WARSAW, Poland — Americans fearing the worst if the Supreme Court repeals Roe v. Wade could look to the Poles for tips about how to fight for abortion rights and find ways around harsh government-imposed restrictions.
Poland, along with Malta, has the strictest abortion restrictions in Europe. It is allowed only in cases of rape, which are difficult to document, or when the life of the woman is endangered. And anyone helping a woman get the procedure for any other reason, including by prescribing pregnancy-terminating medication, could be charged with a crime — similar to what’s already happening in Texas, said Venny Ala-Siurua of Women on Web, an international online abortion service that has been helping women around the world, including thousands in Poland.
“If Roe is abolished, many American women will have to do what Polish women are already doing to get safe abortions,” Ala-Siurua said.
The Poles have a long history of resisting their rulers, including those they have elected, like the conservative Law and Justice party, which was swept into power in 2015.
“It may be difficult to get abortions in Poland, but we have our ways,” one of Poland’s leading feminists, Krystyna Kacpura, head of the Warsaw-based Federation for Women and Family Planning, said in a series of interviews.
U.S. women can learn from strategies Polish women have deployed, said Giselle Carino of Fòs Feminista, an activist organization that fights for women’s rights around the world.
“The regression of abortion rights is always linked to a regression of democratic rights,” she said. “And in the United States in recent years, we have seen that happening, as well.”
One thing people did in Poland when their reproductive rights came under fire was to mobilize the masses.
Kacpura helped organize the massive “Black Monday” street demonstrations across Poland six years ago, which forced the Law and Justice government to back off on plans to ban all abortions, even in cases of rape, which its allies in the powerful Roman Catholic Church had been pushing for.
Next, Kacpura and groups like hers forged alliances with feminist groups abroad so Polish women could safely consult legitimate doctors online and either schedule procedures or get prescriptions for the “morning-after pill,” which is then mailed to their homes.
Women living in conservative states like Texas or Idaho would likely be forced to do the same by seeking abortion services in states with far fewer restrictions, advocates have said. But that can be costly.
“The problem is that many Polish women cannot afford to travel to another country, and in the poorer parts of the country many don’t have access to the internet,” Kacpura said.
So they have to rely on black market morning-after pills, “which are not so much dangerous as ineffective,” Kacpura said. “Or they have to find a doctor in Poland who will perform an abortion, which can be done but is very difficult.”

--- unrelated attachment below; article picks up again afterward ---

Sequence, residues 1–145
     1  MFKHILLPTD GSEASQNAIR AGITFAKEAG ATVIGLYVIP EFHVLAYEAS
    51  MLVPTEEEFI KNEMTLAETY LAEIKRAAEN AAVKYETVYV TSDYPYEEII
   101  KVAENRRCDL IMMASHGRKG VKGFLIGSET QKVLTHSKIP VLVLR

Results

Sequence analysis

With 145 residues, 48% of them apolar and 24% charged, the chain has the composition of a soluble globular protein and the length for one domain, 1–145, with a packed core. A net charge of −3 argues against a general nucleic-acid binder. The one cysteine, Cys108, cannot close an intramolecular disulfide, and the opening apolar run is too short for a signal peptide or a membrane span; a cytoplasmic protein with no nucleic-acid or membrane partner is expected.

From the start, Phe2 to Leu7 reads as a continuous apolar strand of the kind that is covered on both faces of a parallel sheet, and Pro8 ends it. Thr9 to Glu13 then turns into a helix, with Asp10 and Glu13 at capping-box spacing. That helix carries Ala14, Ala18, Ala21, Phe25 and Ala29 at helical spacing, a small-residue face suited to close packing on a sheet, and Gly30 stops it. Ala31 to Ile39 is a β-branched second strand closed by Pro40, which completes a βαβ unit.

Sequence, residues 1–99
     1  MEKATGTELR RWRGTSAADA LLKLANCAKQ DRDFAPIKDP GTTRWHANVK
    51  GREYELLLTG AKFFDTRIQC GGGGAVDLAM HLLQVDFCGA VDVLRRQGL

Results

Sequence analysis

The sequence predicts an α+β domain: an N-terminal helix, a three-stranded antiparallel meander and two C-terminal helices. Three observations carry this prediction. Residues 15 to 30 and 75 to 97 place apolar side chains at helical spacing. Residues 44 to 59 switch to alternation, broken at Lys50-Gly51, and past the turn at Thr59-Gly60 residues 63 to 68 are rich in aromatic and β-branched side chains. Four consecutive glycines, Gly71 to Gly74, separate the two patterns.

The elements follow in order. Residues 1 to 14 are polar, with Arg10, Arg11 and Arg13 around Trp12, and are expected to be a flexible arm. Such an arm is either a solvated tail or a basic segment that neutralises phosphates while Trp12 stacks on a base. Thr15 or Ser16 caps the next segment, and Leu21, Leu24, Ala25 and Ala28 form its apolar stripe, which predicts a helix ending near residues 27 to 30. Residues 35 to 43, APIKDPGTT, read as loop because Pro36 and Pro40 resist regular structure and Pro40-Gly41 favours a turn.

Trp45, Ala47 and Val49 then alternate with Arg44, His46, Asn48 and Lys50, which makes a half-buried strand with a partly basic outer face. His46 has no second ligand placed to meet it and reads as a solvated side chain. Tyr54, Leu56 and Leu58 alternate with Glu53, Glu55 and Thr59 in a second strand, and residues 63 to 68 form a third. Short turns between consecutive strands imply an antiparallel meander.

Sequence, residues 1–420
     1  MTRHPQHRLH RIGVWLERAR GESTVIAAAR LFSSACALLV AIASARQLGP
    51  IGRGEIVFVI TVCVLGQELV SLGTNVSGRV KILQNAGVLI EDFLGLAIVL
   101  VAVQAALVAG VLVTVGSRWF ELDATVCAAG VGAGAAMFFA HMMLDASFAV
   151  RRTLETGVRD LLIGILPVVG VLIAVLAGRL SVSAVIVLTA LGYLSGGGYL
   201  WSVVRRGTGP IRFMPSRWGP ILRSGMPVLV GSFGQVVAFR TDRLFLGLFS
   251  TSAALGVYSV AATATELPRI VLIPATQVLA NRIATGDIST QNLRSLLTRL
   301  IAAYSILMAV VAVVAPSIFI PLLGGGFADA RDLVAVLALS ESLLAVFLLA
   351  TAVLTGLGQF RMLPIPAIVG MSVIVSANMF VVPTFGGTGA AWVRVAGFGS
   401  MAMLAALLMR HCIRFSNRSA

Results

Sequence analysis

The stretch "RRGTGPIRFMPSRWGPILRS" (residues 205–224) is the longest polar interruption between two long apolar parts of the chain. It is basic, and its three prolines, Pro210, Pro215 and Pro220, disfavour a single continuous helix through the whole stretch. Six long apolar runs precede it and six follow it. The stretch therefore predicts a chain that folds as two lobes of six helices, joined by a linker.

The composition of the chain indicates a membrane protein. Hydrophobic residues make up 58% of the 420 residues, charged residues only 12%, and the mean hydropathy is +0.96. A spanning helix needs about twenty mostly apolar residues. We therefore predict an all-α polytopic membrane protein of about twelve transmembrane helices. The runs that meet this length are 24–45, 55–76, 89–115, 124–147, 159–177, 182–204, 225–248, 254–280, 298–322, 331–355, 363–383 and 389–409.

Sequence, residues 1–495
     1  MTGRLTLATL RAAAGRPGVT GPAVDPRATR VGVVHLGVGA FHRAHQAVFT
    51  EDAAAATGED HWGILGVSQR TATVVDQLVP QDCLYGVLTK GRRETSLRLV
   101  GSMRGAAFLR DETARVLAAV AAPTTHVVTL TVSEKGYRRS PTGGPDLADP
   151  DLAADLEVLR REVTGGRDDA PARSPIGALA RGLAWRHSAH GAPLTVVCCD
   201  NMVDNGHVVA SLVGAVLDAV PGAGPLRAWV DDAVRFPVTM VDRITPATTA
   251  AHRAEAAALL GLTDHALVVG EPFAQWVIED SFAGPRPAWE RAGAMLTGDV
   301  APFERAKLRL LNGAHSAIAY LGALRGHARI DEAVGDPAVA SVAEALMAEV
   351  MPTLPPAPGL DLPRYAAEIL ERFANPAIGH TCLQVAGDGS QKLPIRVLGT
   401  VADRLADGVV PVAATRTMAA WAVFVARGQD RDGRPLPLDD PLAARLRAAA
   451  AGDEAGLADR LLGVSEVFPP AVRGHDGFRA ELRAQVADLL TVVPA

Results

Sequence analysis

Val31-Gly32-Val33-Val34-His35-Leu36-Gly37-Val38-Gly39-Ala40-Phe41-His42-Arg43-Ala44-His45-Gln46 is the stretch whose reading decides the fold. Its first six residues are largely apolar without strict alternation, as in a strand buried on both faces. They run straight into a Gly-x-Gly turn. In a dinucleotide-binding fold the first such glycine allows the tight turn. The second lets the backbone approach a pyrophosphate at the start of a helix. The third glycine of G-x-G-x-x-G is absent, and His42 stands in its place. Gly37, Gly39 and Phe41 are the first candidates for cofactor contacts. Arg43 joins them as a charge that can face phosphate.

In Poland, a country of nearly 40 million people, only several hundred doctors are left who are still willing to perform abortions.
“A lot of doctors have families and understandably do not want to take the risk,” said a Warsaw gynecologist who asked to not be identified.
Those who do, however, stretch the “risk of life to the pregnant woman” clause in the Polish law to justify abortions or simply say the fetuses died as a result of miscarriages, a member of Poland’s abortion underground said.
Very few abortions due to rape are approved, because the Polish government has set up so many legal roadblocks that by the time the procedure gets the green light, it’s too late, the members said. As a result, many rape victims go straight to local advocacy groups, which steer them to doctors willing to help.
Kacpura said the same network that helps Polish women was mobilized to help Ukrainian refugees who began pouring over the border into Poland after Russia invaded. The group included a number of women who said they had been raped by Russian soldiers, she said.
“I can’t go into too much detail. That is top secret,” Kacpura said. “But there is a whole network of gynecologists in Poland who have volunteered to help the Ukrainian women and who have even been able to provide them with morning-after pills that are only available with a prescription.”
The Polish government is aware that is happening, the members said, but it often turns a blind eye, because there is a shortage of doctors, and it fears a backlash from women both at home and around the world.
“While Poland is 90 percent Catholic, most Poles support less restrictions on abortions,” Kacpura said. “Those that want a complete ban are a minority, but they are the reliable voters Law and Justice needs to stay in power.”
Just as in the U.S., the battle in Poland over abortion “is a huge ideological war between a democratic side and a fundamentalist side that wants to keep the patriarchy in place, that resents the advances women have made,” Kacpura said.
“It wasn’t so long ago that abortion was legal in Poland and women from Western European countries were coming here for their procedures,” she said.
Kacpura’s advice to U.S. women is to hit the streets and “stay there for as long as you can while you find ways to support each other in the face of reproductive injustice.”
“If you don’t, many women will suffer. Many will die,” she said.
Lauren Egan reported from Poland and Corky Siemaszko from New York City.